Kema Lawrence and Jebediah Daniel-Dyers taking fashion in a different direction
Nikita De Souza
The idea of turning nothing into something has become Kema Lawrence’s passion. And that is what’s driving her emergence as a fashion designer.
She always harbored a love for the arts and that included everything from drawing and painting to sewing.
So at age 13, Kema’s father bought her a second-hand antique Singer sewing machine, and she attempted to make a shirt. It didn’t turn out the way she hoped (it really looked like a shirt), but she wasn’t discouraged; everyday she continued practicing, and got better.
She soon realized that fashion design was her calling, and where she wanted to go.
It wasn’t her mother’s wish; she always wanted her to do something in the medical field, but Lawrence begged to differ. Her mind was made up; it’s her calling. So she and her mother made a deal: if Kema can make her own prom dress then fashion school it would be. So what had to be done was done. Given her passion, her mother has now become one of her biggest supporters.
Fast forward to 2015, Kema now 24, with a year or two from LaSalle College’s renowned fashion school under her belt, decided to propel her business forward as well as her involvement in the community.
For the recent Black History Month, she joined forces with another up-and-comer in the fashion world, Jebediah Daniel-Dyers, for an event based on black consciousness.
The two collaborated on some special designs and staging to mark the occasion.
They teamed up to portray the Black Panther Party (BPP) through fashion. Both artists wanted to remind Blacks of their history, “Our Story.”
Lawrence said, “Black History Month to me is like Remembrance Day, it’s remembering the people who had fought in the struggle for Black liberation and equality.”
For his part, Jebediah stated, “I feel that the vast contributions in history that Blacks have made worldwide must be appreciated. As a culture, the essence of Black is dying when we fail to teach the younger generations about the global prestige of Africans prior to slavery and global advancement post slavery.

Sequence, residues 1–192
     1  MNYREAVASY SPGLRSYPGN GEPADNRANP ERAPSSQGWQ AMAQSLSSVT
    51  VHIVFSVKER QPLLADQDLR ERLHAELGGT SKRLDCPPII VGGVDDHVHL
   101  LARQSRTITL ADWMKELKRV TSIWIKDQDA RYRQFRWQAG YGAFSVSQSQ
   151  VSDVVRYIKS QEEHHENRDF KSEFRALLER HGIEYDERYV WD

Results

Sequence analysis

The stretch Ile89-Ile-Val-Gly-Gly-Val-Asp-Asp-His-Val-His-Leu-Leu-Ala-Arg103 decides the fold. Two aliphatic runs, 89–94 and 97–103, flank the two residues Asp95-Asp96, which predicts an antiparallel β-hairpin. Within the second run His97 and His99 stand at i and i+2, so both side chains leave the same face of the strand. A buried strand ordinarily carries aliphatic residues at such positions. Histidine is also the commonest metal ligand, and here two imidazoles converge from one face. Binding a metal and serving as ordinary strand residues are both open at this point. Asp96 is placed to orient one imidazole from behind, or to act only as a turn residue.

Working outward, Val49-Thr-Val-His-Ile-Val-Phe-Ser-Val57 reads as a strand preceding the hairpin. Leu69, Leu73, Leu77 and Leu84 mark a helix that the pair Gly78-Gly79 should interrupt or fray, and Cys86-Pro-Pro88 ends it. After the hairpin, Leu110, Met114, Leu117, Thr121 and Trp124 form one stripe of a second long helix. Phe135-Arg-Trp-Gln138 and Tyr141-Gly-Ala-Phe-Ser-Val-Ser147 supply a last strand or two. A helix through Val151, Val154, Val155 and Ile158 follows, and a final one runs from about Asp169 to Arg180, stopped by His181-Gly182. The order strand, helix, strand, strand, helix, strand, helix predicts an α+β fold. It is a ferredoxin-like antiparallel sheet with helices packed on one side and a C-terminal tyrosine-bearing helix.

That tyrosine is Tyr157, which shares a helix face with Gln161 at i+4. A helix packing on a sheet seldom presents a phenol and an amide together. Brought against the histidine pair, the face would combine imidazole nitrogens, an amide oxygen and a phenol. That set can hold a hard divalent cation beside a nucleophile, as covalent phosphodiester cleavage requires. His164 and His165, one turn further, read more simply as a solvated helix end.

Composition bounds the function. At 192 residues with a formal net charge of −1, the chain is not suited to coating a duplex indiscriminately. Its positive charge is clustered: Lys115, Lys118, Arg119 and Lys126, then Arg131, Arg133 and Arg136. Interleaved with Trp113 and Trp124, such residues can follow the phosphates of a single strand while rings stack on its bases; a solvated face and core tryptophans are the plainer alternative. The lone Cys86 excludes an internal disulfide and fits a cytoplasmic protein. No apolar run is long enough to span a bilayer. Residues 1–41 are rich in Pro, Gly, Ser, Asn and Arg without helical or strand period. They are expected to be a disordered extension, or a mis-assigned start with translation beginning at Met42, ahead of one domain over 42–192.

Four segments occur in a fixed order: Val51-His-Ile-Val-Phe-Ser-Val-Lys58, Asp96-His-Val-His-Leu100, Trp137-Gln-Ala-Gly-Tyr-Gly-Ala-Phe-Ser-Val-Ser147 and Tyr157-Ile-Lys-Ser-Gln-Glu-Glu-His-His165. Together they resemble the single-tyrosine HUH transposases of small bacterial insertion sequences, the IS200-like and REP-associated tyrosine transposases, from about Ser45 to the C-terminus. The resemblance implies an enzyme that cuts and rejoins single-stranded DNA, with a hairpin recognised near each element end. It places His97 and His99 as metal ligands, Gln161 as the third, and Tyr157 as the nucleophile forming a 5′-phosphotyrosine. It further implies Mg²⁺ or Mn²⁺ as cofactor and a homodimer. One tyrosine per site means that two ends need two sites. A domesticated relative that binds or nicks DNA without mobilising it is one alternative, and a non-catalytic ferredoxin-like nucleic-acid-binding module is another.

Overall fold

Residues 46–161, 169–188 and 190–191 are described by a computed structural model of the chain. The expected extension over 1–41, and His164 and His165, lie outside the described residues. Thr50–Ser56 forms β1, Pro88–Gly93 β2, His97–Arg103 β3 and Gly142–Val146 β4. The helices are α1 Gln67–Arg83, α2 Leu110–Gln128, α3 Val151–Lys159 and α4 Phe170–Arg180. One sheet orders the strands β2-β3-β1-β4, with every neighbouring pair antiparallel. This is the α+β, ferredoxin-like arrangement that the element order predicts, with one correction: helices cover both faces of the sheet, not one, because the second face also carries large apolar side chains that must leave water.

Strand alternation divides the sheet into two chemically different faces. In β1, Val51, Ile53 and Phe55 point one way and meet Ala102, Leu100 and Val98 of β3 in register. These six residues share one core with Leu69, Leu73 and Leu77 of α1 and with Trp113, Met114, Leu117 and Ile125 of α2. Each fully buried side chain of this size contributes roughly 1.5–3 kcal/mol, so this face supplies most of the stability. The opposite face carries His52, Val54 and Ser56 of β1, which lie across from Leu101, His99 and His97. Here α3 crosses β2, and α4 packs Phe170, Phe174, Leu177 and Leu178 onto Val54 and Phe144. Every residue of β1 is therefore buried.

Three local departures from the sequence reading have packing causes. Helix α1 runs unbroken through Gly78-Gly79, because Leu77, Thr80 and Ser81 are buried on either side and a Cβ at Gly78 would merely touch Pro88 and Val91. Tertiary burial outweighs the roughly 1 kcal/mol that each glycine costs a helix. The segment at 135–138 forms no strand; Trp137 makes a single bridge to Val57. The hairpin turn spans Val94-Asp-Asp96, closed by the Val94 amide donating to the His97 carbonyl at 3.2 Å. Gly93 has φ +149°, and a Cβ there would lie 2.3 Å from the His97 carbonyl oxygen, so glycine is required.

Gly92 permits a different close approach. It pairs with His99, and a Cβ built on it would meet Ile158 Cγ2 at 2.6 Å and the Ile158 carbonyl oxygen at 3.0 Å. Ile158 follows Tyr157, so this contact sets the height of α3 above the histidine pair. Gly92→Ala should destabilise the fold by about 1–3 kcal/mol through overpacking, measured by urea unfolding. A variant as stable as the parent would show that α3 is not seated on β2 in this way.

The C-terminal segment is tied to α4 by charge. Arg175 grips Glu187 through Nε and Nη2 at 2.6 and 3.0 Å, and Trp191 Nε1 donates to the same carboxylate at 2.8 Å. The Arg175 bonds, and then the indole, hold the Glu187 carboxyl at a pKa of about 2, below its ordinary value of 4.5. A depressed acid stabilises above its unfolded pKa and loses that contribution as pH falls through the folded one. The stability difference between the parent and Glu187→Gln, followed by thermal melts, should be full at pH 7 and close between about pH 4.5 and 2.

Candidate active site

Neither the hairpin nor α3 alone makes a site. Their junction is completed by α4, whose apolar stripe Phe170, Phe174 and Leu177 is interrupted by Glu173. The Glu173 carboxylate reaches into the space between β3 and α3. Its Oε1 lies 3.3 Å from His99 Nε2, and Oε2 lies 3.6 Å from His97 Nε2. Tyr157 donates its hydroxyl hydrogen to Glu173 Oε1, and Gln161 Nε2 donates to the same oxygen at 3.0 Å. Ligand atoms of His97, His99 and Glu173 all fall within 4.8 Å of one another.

This is one of the many reasons why Jebediah started EQCR (Equality Crowns) to express overlooked topics through fashion.
He has been around the local fashion circuit since he was 13 and began designing hand-made necklaces for clients who enjoy Afro-centric accessories, which he said “sold close to 500 pieces from 2008 to 2010.”
Today, he works as a youth animator at Head and Hands and also has a non-profit foundation, “VITA” (Violence Isn’t The Answer), to promote Hip-Hop and other youth initiatives.
Dyer said working in the fashion industry is not about fame or recognition, but to “spark ideas in others that may want to pursue a creative passion.” He also said he truly enjoys creating original items from his various concepts.
The same is true for Kema, who has been working to tie her design projects to community initiatives.
She maintains that her “roots” always influence many of her ideas; there’s always an Afro-centric reflection.
So far in her budding career, Kema Lawrence has done several charity fashion fundraising events, including the 2010 concert for the Courtney Napier Foundation and the 2012 fundraiser for Haiti, following the devastating 2010 earthquake.
Meanwhile, Kema’s goal is to continue to develop her confidence and uniqueness, and accentuate her individuality in her designs. It’s her belief that there’s nothing wrong with standing out in the crowd; that’s one of her motivations.
“Kema” is eccentric and mysterious. Whenever you see her creations, she wants you to use your imagination.